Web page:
How to Pay for Your First Home


How Should I Pay for My First Home?

How Should I pay for My First HomeFor many, the purchase of a first house is the largest financial commitment they’ll make. Apart from the significant expense, the whole process can be nerve-wracking and frustrating, not to mention incredibly time-consuming. Entering the market in the wake of a double-dip recession only makes it harder to obtain the cheap, easy mortgages which were once the mainstay of Britain’s property finance industry.

However, if you change your perspective a little, you’ll see that this dearth of cheap credit is a positive thing for you in the long run. Now, instead of shelling out for something you simply can’t afford, you must take a long, hard look at the reality of your financial situation and how it applies to the housing market. The first step is to find out your credit rating;  to get a free credit report visit annualcreditreport.com

Once you’ve established that, ask yourself whether you want to go to the limits of the credit available to you, or whether to adopt a more conservative approach. During the peak of the property boom in the mid-noughties, it was common for lenders to give three-and-a-half times the main breadwinner’s income for a mortgage, or two-and-a-half times the joint income. Recently, these affordability measures have been reduced – sometimes drastically. Now you probably need to put down a larger deposit and show proof of a strong credit history.

Even if you manage to get a little extra than you imagined, it’s not necessarily wise to do so. Keep yourself in check, as interest rates can go up at any time. Remember, you can always upgrade to a bigger house in future if your financial situation improves.

If you go for a fixed rate term, the added security you gain is offset by the time limit imposed. Rates could well go up in the meantime. So approach a house purchase and mortgage with the degree of modesty that such an immense investment calls for. Your financial security is more important than that huge garden.

Remember, seek independent financial advice before making any agreement with a bank or mortgage lender.

Image:  FreeDigitalPhotos.net

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13 Responses to How to Pay for Your First Home

  1. SB @ One Cent At A Time 06/18/2012 at 11:44 am #

    I’ll be in house market soon. Will be useful for me then.

    • Paul 06/18/2012 at 2:02 pm #

      Prices are starting to creep up in Phoenix after a drop of over 40%!

  2. Tie the Money Knot 06/18/2012 at 4:25 pm #

    Now seems like a better time to buy than in recent years, with all the price declines and low interest rates. However, the market around here (Chicago) still seems soft. There haven’t been the Arizona/Nevada/Florida price declines, but they’ve been significant enough anyway. I tend to think that there still could be some room for prices to drop/wait.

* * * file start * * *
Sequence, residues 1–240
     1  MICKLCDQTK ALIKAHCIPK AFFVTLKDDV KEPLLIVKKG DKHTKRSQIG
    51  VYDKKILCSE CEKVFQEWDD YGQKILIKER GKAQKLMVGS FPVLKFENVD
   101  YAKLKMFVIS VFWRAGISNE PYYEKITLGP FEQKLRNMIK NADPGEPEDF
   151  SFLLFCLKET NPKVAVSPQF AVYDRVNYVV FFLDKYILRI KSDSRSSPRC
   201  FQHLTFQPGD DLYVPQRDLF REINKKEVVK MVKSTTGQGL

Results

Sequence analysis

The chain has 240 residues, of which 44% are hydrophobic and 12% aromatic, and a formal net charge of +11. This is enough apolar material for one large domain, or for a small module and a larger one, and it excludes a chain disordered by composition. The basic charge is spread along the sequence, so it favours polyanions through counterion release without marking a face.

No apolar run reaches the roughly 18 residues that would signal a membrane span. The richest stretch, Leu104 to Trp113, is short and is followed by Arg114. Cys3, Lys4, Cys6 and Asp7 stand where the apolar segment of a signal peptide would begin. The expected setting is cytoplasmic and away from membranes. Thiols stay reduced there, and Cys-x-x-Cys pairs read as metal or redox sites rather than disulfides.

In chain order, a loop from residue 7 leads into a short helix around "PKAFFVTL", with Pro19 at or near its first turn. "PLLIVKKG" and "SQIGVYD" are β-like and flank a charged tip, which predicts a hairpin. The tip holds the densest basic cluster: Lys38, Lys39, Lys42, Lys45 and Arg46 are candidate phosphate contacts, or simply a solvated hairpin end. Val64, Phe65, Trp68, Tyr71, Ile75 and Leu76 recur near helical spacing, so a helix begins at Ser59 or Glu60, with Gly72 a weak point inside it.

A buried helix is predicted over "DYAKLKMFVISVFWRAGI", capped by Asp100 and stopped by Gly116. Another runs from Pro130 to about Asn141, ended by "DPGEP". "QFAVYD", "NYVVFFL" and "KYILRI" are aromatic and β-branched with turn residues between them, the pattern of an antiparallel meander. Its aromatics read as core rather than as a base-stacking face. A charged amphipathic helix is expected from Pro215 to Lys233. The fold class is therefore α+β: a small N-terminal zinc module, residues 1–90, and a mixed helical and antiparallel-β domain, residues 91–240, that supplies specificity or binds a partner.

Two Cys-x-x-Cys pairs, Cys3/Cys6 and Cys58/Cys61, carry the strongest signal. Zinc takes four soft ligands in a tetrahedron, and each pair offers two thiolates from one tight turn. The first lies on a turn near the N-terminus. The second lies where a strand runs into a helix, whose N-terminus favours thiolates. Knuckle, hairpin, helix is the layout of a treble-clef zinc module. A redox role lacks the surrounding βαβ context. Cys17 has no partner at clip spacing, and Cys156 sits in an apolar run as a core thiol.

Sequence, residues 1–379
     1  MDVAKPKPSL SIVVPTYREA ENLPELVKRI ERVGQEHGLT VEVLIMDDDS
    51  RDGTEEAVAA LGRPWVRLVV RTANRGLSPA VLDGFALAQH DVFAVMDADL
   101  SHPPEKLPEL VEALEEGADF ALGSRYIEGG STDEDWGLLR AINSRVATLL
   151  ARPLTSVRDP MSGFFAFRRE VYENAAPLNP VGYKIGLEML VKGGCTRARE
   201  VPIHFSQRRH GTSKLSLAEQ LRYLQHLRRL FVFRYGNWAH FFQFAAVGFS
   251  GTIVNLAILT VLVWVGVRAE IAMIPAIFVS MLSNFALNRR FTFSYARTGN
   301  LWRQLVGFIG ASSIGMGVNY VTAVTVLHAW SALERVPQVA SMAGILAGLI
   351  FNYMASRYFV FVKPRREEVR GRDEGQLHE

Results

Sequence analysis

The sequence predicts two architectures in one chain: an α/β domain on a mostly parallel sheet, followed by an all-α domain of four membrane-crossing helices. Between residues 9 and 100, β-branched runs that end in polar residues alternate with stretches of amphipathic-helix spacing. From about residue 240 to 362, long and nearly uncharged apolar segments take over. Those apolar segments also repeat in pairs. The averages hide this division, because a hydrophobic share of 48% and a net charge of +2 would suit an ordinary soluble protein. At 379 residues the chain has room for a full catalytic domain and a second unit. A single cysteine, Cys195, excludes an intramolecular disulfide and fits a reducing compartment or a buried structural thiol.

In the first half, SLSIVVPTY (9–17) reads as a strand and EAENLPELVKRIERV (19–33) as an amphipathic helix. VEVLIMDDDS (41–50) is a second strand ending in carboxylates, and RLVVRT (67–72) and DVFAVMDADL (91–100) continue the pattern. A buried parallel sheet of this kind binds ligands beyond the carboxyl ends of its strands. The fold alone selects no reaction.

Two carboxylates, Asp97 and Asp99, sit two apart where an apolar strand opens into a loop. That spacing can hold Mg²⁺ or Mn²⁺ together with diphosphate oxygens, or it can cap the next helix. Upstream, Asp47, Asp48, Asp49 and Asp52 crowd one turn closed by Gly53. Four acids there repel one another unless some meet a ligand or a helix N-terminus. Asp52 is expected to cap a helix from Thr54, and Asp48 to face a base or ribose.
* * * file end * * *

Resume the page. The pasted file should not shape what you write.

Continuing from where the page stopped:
Anyway, nice tips nonetheless.

    • Paul 06/19/2012 at 4:57 am #

      We are thinking of selling and downsizing. Prices are great for buying but on the flip side not good for selling!

  3. Edward Antrobus 06/19/2012 at 4:55 am #

    Unfortunately, our credit kept us from being able to buy as much how as we could afford. But we ended up being really happy with the place we did get, so I guess it was for the best in the end.

    • Paul 06/19/2012 at 2:56 pm #

      Glad it worked out for you Edward. Maybe you can upgrade the home in a few years after credit improves.

  4. Zero Passive Income 06/19/2012 at 5:27 pm #

    Great article. Very helpful for anyone looking to buy their first home.

    • Paul 06/20/2012 at 12:29 am #

      Glad you found it useful!

  5. Robin @ Quizzle 09/06/2012 at 3:35 pm #

    This is an awesome article! So many first timers don’t have this information.
    Everything is flexible and change is constant. Grab the low rates when/if you can.

    • Paul 09/09/2012 at 2:03 am #

      We are getting our home ready to put on the market an looking forward to a lower interest rate!

  6. Nick 12/12/2012 at 5:23 am #

    A good piece – and we can certainly vouch for a lot of the stuff mentioned. It’s not just about the credit score though, we had to budget a lot for fees and solicitor costs, etc.

    Buying a house isn’t just the amount you see on paper… there are thousands of other expenses too!

    Cheers,

    Nick

    • Paul 12/12/2012 at 5:39 pm #

      A buyers inspection will reveal items that will need to be addressed. It is one of the best investments you can make before making a decision to buy a property.

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  1. Jenny’s Super Saving Saturdays – 23rd June 2012 - 06/23/2012

    [...] How to pay for your first home A helpful article for all the first time buyers out there, explaining some tips and advice to assist you in which can be a particularly stressful, and sometimes confusing time. [...]

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